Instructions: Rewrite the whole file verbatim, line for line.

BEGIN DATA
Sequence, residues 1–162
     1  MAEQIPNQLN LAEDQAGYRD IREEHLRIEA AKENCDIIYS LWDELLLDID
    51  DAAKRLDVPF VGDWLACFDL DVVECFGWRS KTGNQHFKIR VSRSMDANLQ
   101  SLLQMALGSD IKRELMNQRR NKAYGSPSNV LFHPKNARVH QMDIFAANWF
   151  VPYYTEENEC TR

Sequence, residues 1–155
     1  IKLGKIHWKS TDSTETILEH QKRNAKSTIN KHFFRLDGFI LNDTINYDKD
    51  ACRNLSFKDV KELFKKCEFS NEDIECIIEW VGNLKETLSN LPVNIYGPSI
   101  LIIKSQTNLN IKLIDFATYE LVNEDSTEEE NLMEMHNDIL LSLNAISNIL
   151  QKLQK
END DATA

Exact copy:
Sequence, residues 1–162
     1  MAEQIPNQLN LAEDQAGYRD IREEHLRIEA AKENCDIIYS LWDELLLDID
    51  DAAKRLDVPF VGDWLACFDL DVVECFGWRS KTGNQHFKIR VSRSMDANLQ
   101  SLLQMALGSD IKRELMNQRR NKAYGSPSNV LFHPKNARVH QMDIFAANWF
   151  VPYYTEENEC TR

Sequence, residues 1–155
     1  IKLGKIHWKS TDSTETILEH QKRNAKSTIN KHFFRLDGFI LNDTINYDKD
    51  ACRNLSFKDV KELFKKCEFS NEDIECIIEW VGNLKETLSN LPVNIYGPSI
   101  LIIKSQTNLN IKLIDFATYE LVNEDSTEEE NLMEMHNDIL LSLNAISNIL
   151  QKLQK